Regina residential retrofit rebate program under consideration

The City of Regina is considering implementing a rebate program to encourage energy saving and emissions reducing upgrades to residential homes.

Executive committee unanimously voted in favour of the proposed Retrofit Rebate Program moving on for discussion at the next council meeting, during proceedings Wednesday.

The proposed program aims to reduce energy consumption and greenhouse gas emissions; and provide financial assistance to residents.

The municipal program would work in conjunction with the federal government’s Greener Homes Grant Program, which provides reimbursements for retrofit energy audits. Retroactive to Dec. 1, 2020, eligible Canadian homeowners can receive grants of up to $5,000, plus an additional $600 for the cost of an EnerGuide home energy evaluation.

The Regina program would match the federal program, offering up to $5,000.

“I think stacking programs that already exist raise the profile of the federal programs, raise the profile of the provincial program and we can tag onto it to make it more affordable for homeowners,” Regina Mayor Sandra Masters said Wednesday.

Masters said the project can serve as a pilot to help determine what similar programs and grants look like in the future.

“Even to take that information back to the province and to the feds in terms of some of our experience. I think that kind of collaboration on stacking programs is good overall in terms of reaching 2050. We know we need these homes retrofitted,” she said.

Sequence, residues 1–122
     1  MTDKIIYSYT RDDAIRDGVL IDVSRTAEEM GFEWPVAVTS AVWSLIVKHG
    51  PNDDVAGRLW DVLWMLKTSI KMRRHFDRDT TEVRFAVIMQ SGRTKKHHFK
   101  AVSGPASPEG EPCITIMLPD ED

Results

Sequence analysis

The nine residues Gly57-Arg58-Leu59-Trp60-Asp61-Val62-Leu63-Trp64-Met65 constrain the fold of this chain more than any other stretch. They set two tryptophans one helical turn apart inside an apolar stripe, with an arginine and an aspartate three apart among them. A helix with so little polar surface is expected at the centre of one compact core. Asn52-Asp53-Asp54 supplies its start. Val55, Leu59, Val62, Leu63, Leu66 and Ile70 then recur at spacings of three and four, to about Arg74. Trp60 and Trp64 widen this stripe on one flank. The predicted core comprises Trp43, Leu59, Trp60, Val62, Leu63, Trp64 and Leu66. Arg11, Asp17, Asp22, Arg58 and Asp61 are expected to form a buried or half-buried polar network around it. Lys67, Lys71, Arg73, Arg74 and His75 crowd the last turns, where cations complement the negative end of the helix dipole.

Eligible retrofits under the program include home insulation, air-sealing, replacing windows and doors; thermostat upgrades, space and water heating; renewable energy, including the installation of solar panels, and “resiliency measures” that protect homes from environmental damages.

Approximately 61,000 residential homes will require retrofits to meet the city’s goal of becoming 100 per cent renewable and net-zero by 2050, according to a city report.

“The speed and intensity of those retrofits are important due to the compounding and lasting effects of greenhouse gas (GHG) emissions,” the city report reads.

Funding for the program’s initial implementation was approved in the 2022 budget. Approximately $6 million was set aside for the city’s Seven Big Moves, as part of the Energy & Sustainability Framework, including $200,000 to launch a residential retrofit rebate program.

The initial investment will provide between 40 and 80 rebates, according to the city report. City administration estimates more than 80 people could apply for the rebate program – which could require additional funding.

The motion recommends city council approve administration’s recommendations, which include the creation and implementation of the program, at its meeting on June 1.

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